PhD student Morgan Lundy won first place in the Association for Library and Information Science Education (ALISE) /Jean Tague-Sutcliffe Doctoral Student Research Poster Competition for her poster, "'Have a flare with me!': A content analysis, grounded theory, and collaborative design approach to disability storytelling on TikTok." For the competition, posters were judged on practical/theoretical significance, design and method of research, the student’s oral presentation, and the organization, clarity, and aesthetics of visual materials.
Lundy's poster was based on her dissertation in progress, in which she seeks to understand the individual and collective storytelling and information creation practices employed by people with central sensitivity syndromes (CSSs) on TikTok. CSSs are a family of illnesses characterized by unexplained, invisible, and chronic pain and fatigue, such as fibromyalgia and chronic fatigue syndrome. Because these conditions are often stigmatized and difficult to understand and explain, they necessitate strong storytelling skills in diverse settings, Lundy said.
For her research, Lundy introduces a novel sampling approach—an algorithm training and hashtag searching (using medical and community language) process—to collect 75 hashtags, assessing each for relevance to collect the top-15 most relevant hashtags to pursue understanding of how, why, and with what abilities folks individually, collectively, and creatively tell stories about their disability experiences. In addition, she uses a "critical disabilities studies lens" to guide her dissertation research design and methods selection, for example choosing constructivist grounded theory methods to develop an understanding from the ground-up through collaboration with CSS TikTok community members and using participatory methods like codesign to develop storytelling toolkits by community members, for community members.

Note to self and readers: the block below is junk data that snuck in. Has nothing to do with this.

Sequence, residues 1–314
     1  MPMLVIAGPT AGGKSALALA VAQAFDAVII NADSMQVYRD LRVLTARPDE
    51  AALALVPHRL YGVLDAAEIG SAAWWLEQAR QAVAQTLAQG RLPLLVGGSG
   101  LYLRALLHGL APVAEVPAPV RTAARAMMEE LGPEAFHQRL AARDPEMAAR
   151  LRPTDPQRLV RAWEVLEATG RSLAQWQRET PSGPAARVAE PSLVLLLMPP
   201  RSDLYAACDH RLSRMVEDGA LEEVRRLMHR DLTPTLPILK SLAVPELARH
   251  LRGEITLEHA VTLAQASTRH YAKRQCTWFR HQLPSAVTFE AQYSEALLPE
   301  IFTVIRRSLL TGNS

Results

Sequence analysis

Lundy has found that people with CSSs use TikTok to tell stories about both the physical and social aspects of disability. She has also discovered that "algorithmically mediated online health communities" on TikTok do not develop around a single hashtag, limiting current research approaches.
Lundy's research centers on understanding and critically codesigning for social health information encounters, such as patient-to-patient information sharing in online communities and people's information creation behaviors through health storytelling on social media. She earned her bachelor's and master's degrees in English literature and MLIS from the University of South Carolina.